Bill to construct 4 schools to teach Lakota language and culture fails to pass

South Dakota State Capitol in Pierre

PIERRE – The 96th legislative session of South Dakota is well underway and some of its work has made headlines statewide and nationally.

SB68, which was proposed by Democrat and Senate Minority Leader Troy Heinert, failed to pass. The proposal would have allowed the construction and operation of four schools that would teach Oceti Sakowin language and culture.

Opposition to the bill consisted of school boards from across the state the argued the schools were practically charter schools and that they would take away from necessary funding.

Proponents of the bill consisted of Native educators who cited dropout rates among Native American students in the state and said that the proposal’s defeat was a continuation of oppression from government-run schools.

SB 146 narrowly passed the South Dakota Senate. The bill stated that it was “An Act to revise certain provisions regarding eligibility for parole for certain persons sentenced to life imprisonment.” Introduced by a former judge in South Dakota, the bill limits sentences of life in prison without parole for those who commit their crimes at the age of 26 or older. It also allows people who commit a crime between the ages of 18-25 to apply for parole at the age of 50.

Two proposals in this legislative session made national headlines and both of them were struck down. House Concurrent Resolution 6005, which was introduced by Rep. Phil Jensen, a Republican from Rapid City, was a resolution for Black History Month that said the United States has a “positive record on race and slavery.” Resolution 6005 was labeled as “revisionist history” and was defeated 64-4. The four who supported the resolution included Jensen and Rep. Taffy Howard, another Republican from Rapid City.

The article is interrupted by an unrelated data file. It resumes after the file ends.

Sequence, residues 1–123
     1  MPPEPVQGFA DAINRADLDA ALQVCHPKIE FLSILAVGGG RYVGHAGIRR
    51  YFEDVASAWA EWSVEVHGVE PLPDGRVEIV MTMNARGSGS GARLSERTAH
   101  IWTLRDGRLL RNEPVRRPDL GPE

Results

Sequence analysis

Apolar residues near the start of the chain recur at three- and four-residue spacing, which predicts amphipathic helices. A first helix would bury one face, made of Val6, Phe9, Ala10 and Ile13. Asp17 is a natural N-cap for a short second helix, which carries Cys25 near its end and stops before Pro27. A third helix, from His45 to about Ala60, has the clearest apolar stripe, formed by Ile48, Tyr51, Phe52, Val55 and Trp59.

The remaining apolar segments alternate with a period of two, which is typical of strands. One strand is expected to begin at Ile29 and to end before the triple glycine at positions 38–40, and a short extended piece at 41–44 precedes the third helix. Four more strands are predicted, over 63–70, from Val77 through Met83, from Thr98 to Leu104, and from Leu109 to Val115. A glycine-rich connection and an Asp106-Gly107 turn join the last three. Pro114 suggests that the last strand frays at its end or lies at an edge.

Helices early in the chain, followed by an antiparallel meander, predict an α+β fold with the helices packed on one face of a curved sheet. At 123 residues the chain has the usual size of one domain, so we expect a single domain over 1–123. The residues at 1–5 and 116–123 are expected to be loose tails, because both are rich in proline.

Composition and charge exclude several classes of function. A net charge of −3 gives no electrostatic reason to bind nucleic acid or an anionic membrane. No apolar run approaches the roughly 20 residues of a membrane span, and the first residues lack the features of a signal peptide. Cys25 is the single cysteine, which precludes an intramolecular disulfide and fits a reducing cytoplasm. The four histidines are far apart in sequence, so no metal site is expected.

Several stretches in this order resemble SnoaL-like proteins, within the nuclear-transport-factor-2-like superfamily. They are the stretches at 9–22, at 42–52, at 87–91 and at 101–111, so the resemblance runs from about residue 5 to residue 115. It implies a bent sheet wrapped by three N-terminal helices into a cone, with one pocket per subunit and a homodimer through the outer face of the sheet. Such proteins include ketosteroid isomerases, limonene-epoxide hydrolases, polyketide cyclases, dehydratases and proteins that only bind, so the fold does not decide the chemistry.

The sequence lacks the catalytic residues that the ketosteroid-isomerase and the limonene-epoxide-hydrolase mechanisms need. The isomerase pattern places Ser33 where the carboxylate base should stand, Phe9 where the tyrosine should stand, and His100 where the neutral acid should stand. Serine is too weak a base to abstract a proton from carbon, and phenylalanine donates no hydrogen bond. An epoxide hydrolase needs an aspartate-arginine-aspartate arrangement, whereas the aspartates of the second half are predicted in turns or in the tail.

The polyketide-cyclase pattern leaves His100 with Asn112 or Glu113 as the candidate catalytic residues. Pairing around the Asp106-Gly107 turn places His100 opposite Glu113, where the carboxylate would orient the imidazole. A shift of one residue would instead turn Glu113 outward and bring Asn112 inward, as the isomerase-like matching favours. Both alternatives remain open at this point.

SB 122, a bill that would have allowed the South Dakota Legislature to ignore federal laws if they were unconstitutional was defeated in committee. The Senate State Affairs Committee moved SB122 to the 41st, effectively killing it, in a 7-1 vote with little discussion.

Rapid City Mayor Steve Allender took to Twitter last week and decried the South Dakota legislature wanting “subordinates, not partners,” in reference to municipalities. He spoke to the South Dakota Standard about 5 bills, one of them being HB 1093 which has a title that reads “revise the limitations on a municipality’s power to take actions for the promotion of health or the suppression of disease.” The bill would have prevented regulations from prohibiting or interfering “with the free exercise of religion, abridge any person’s freedom of speech, or of the press, or of the right of the people to peaceably assemble, or of the right of the people to petition the government for a redress of grievances under the First Amendment to the United States Constitution, or prohibit or interfere with activities within any person’s residence or privately held business, or interfere with any person’s right to bear arms under the Second Amendment to the United States Constitution.” HB 1093 was moved to the 41st day 12-1 in the House Local Government Committee.

The 96th Legislative Session of South Dakota will end late March, 2021.

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